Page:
Percentage of Self-feeding Practice in Babies Using Baby-led and Traditional Weaning in Indonesia

Dian Susmarini, Made Sumarwati, Atyanti Isworo, Lutfatul Latifah


Introduction: Baby-led weaning is a new method of complementary food introduction for babies which enables babies to feed themselves. Over the last decade, the number of mothers adopting this method has been growing in many countries including Indonesia, though the exact number is unknown. The practice of self-feeding in babies using baby-led weaning in Indonesia also has not been identified.

Aim: To identify self-feeding practices among babies in both baby-led and traditional weaning.

Method: The study design was that of a descriptive survey given to a population of the mothers of six to 12-month-old babies who practiced either baby-led or traditional weaning in Indonesia. A consecutive sampling technique with time limit was used, and 316 respondents were recruited through an online survey.

Results: Almost half of the baby-led weaning group practiced self-feeding at least 90% of their meals, whereas 80% of the traditional weaning babies practiced spoon-feeding at least 90% of their meals. The self-feeding percentage in the rest of the baby-led weaning participants, however, ranged from 10 to 75%. The type of family, who is appointed to take care of the baby, mother’s occupation, and engagement in family dining may contribute to the variations in self-feeding percentages.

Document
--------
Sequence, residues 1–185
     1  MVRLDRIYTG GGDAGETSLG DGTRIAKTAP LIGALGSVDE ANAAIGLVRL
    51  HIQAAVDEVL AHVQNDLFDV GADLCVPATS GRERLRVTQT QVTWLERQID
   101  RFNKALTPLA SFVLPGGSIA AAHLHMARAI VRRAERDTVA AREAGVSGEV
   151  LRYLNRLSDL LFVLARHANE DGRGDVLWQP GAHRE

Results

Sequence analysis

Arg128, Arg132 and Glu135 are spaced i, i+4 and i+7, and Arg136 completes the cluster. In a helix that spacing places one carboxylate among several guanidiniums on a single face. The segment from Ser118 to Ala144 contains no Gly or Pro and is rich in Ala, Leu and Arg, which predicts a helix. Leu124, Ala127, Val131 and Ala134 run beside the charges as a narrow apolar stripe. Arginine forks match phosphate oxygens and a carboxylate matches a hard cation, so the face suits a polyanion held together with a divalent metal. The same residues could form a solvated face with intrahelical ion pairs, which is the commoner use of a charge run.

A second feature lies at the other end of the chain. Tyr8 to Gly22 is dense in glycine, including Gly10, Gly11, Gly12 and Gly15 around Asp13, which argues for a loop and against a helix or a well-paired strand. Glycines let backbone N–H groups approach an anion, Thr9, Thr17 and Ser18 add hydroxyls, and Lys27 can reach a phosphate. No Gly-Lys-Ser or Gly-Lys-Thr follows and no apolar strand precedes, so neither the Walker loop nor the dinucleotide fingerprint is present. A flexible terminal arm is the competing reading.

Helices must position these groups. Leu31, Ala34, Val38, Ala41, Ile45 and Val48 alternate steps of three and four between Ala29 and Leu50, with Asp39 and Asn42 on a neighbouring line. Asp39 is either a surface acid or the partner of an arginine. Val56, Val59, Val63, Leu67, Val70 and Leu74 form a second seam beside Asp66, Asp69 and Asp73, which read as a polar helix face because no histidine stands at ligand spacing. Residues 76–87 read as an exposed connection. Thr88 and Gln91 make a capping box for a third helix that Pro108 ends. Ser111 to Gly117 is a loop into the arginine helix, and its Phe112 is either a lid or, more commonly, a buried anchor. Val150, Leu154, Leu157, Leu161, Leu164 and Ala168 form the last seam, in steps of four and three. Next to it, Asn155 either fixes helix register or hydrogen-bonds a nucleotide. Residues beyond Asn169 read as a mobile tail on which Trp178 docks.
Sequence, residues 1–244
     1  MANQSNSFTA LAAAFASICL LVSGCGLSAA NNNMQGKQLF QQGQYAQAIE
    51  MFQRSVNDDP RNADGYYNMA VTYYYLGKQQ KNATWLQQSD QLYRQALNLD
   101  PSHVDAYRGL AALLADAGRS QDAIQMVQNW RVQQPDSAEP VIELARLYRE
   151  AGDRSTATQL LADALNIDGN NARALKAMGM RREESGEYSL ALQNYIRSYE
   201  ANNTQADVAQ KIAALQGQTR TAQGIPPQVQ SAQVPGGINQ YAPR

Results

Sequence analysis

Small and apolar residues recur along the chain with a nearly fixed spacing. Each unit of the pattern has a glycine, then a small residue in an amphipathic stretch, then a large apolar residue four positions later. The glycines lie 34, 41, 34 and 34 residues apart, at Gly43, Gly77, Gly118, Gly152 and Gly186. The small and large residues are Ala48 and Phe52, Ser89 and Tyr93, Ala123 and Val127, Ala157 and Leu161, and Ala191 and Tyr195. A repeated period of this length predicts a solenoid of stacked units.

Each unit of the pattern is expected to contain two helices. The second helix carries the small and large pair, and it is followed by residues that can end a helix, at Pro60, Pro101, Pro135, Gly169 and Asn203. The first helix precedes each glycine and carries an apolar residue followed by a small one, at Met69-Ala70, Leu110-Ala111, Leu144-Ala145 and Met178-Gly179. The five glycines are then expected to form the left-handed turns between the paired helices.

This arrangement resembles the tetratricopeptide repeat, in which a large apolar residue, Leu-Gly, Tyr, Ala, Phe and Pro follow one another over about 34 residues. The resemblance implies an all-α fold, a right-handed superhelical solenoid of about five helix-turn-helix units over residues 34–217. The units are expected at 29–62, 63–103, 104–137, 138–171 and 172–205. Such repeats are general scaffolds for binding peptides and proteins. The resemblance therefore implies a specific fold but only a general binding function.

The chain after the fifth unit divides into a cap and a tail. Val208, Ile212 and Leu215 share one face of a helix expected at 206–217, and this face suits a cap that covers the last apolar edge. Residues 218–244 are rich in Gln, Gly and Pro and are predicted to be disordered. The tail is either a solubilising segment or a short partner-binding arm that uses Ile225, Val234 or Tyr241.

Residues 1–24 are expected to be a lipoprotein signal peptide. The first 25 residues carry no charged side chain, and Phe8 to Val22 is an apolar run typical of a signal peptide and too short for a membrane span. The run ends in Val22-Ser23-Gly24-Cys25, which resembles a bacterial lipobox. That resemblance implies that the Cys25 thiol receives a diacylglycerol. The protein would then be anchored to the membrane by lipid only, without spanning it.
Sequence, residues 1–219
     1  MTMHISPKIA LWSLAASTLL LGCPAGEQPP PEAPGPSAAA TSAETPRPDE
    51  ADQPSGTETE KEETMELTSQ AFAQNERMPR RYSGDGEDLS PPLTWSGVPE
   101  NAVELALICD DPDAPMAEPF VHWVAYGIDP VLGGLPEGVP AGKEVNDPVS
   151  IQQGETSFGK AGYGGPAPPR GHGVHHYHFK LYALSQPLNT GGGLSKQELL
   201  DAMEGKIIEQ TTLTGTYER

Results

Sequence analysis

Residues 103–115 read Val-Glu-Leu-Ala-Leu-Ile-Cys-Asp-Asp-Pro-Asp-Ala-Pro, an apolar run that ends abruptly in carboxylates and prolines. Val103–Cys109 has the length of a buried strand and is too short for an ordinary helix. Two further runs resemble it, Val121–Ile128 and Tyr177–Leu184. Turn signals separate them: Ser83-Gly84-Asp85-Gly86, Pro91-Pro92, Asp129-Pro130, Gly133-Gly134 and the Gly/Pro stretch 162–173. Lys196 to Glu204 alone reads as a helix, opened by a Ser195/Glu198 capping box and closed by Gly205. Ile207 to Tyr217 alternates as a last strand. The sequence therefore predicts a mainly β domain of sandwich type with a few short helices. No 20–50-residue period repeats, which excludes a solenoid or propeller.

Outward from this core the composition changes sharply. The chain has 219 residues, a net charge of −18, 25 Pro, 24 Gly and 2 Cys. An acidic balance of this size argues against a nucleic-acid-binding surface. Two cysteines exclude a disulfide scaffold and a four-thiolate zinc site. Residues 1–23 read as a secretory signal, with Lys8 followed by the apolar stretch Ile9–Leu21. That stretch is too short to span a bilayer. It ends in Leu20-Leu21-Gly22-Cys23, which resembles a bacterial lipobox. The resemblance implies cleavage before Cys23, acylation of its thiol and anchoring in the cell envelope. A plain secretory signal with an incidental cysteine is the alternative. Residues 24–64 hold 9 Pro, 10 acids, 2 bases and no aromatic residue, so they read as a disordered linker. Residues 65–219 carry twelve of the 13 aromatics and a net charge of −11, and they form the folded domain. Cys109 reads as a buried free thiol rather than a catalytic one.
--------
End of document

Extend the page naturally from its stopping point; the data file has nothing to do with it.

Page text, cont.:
Conclusion: There was a difference in feeding practices between baby-led and traditionally weaned babies as assumed. The unique percentage of self-feeding among baby-led weaning in this country is useful as a reference for further research in this area.


baby-led weaning, feeding practice, traditional weaning

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